“ Litotes?”, a friend said in response to my WhatsApp message that my prediction regarding the Men’s Cricket World Cup – that England were a shoo-in for the semi-finals and would go on to win the final – was “slightly off target”.
Er, no, was my first reaction; I’ve just had a check-up. Then I realised, yes, of course, litotes. I reached for the bible. No, not Wisden, Fowler’s Modern English Usage (every home should have one). Litotes, like meiosis, is the use of understatement not to deceive but to enhance the impression on the hearer or reader, in this case. Well, yes, maybe litotes.
Talking of linguistic peculiarities, one cannot ignore the statement by Jos Buttler, in the press conference after England’s defeat by South Africa in Mumbai, that his decision to field first, with the temperature in the mid-30s, and very high humidity, was “potentially” mistaken. One wondered whether Doctor Who had joined England’s analysts, or the media team; certainly they need all the help they can get.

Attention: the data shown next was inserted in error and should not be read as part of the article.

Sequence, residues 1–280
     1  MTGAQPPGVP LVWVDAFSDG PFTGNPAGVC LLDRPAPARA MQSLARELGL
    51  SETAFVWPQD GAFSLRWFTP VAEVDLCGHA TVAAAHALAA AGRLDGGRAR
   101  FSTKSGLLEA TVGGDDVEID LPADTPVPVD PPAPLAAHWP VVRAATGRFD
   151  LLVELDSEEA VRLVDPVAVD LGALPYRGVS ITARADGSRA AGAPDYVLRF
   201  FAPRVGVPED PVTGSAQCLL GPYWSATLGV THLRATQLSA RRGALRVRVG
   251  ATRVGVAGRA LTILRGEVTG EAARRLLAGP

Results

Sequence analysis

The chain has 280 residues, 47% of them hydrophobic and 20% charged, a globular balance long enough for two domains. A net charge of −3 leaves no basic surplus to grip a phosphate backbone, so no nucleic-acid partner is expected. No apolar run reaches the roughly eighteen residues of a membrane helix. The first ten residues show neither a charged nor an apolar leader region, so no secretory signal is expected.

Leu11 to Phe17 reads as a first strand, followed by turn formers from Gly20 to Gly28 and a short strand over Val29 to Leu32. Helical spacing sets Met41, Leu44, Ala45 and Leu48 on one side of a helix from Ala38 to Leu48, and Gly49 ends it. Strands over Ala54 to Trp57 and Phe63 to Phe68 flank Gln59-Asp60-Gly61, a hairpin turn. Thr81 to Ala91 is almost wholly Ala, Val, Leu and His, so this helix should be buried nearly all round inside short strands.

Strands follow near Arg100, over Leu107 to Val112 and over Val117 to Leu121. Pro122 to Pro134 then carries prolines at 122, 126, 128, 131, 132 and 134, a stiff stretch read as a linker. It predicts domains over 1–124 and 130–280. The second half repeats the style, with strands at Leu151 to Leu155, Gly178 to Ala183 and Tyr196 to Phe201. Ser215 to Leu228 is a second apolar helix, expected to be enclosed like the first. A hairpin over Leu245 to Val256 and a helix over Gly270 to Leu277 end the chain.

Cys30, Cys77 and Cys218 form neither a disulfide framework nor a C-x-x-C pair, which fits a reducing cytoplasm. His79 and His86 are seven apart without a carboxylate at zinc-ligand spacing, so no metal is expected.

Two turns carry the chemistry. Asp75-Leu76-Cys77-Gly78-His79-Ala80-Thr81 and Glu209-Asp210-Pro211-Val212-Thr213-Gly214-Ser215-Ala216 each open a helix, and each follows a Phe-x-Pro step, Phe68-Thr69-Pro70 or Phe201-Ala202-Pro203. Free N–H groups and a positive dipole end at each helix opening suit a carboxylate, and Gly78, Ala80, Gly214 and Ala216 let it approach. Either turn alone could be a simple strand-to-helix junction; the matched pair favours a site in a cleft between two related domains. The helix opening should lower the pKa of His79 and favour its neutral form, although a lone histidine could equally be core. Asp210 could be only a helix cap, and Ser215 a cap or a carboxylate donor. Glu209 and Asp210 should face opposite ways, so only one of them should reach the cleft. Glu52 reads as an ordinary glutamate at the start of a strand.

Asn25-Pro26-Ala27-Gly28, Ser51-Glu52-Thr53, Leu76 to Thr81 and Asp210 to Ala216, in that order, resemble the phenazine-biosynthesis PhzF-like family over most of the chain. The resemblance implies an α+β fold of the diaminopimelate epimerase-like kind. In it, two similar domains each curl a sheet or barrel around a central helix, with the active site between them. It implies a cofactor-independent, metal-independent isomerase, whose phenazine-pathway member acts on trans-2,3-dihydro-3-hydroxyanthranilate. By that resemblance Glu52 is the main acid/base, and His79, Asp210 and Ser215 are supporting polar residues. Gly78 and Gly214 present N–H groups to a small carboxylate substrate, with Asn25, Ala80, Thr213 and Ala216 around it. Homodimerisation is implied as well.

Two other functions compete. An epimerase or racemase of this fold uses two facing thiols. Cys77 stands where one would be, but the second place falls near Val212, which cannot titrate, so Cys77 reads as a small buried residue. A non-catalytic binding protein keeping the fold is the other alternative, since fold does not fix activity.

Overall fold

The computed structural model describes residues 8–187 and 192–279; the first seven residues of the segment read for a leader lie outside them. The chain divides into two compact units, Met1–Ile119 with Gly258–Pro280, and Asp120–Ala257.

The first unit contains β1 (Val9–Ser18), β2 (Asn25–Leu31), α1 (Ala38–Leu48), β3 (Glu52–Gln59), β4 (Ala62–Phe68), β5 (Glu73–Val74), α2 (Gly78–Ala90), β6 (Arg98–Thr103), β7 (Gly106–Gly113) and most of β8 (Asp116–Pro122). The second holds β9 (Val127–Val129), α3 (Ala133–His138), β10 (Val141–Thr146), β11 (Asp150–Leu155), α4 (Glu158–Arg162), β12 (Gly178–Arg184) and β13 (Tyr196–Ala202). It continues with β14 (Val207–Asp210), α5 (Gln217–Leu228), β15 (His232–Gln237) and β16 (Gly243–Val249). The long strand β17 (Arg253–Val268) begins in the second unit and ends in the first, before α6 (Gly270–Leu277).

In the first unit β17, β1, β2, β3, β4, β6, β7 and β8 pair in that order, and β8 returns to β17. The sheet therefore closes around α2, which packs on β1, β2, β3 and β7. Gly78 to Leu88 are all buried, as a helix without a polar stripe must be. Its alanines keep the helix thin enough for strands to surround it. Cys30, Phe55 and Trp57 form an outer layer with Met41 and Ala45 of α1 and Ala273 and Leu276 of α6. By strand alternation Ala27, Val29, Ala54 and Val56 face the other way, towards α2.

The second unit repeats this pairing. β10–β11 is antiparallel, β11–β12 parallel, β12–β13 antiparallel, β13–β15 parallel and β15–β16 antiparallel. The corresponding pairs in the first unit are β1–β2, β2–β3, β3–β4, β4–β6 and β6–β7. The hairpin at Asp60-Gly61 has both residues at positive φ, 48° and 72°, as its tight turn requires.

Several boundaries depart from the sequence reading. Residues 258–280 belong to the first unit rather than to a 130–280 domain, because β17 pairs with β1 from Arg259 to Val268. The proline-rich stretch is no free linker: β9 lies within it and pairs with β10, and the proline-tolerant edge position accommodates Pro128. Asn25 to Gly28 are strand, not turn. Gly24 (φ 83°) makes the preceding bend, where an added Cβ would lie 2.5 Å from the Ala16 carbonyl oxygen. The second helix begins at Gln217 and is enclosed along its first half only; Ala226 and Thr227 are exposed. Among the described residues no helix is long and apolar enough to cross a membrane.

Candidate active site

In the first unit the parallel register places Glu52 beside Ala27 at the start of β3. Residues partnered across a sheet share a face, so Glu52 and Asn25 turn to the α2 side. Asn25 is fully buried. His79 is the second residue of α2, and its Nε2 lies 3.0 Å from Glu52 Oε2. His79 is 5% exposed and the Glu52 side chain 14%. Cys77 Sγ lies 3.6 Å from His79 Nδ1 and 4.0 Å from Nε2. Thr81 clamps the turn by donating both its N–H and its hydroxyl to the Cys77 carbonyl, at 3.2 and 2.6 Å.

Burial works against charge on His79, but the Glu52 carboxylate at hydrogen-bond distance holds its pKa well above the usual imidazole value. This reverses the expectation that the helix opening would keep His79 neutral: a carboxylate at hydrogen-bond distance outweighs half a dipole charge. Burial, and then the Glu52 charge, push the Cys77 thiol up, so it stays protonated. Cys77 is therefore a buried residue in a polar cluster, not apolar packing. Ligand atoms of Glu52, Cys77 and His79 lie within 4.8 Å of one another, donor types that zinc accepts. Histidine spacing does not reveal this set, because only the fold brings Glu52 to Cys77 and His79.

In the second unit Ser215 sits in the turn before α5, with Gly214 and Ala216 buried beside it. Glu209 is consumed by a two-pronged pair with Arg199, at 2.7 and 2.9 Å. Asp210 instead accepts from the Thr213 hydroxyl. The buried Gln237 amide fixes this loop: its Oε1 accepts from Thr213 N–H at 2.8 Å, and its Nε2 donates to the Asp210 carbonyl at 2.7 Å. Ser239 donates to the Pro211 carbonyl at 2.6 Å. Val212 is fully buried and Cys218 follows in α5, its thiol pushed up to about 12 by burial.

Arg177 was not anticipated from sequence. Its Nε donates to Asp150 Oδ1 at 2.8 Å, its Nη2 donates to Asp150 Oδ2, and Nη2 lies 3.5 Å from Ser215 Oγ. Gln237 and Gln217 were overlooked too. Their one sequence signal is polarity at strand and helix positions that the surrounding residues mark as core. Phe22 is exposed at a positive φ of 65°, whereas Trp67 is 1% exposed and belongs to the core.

Of course my prediction, as absurd as it may seem, has not actually been proved wrong at the time of writing – except of course for the bit about England being a shoo-in for the semi-finals. They could still in theory retain their title. It’s just that they are going to have to beat India and Australia, as well as Pakistan, Sri Lanka and The Netherlands, if they are going to do that. Right now one would happily accept a win against any of those teams – all of them seems literally a miracle.
The joy of sport, however, is its unpredictability. Many might say this tournament is just too long – we still have weeks to go with a game, sometimes two, every day. But arguably, despite the duration, the tournament is most interesting when each team has to play each other team. That was the case in 2019, when England started brilliantly but then stumbled and needed a very strong finish to qualify, and in 1992 when Pakistan made a wretched start but ended up champions.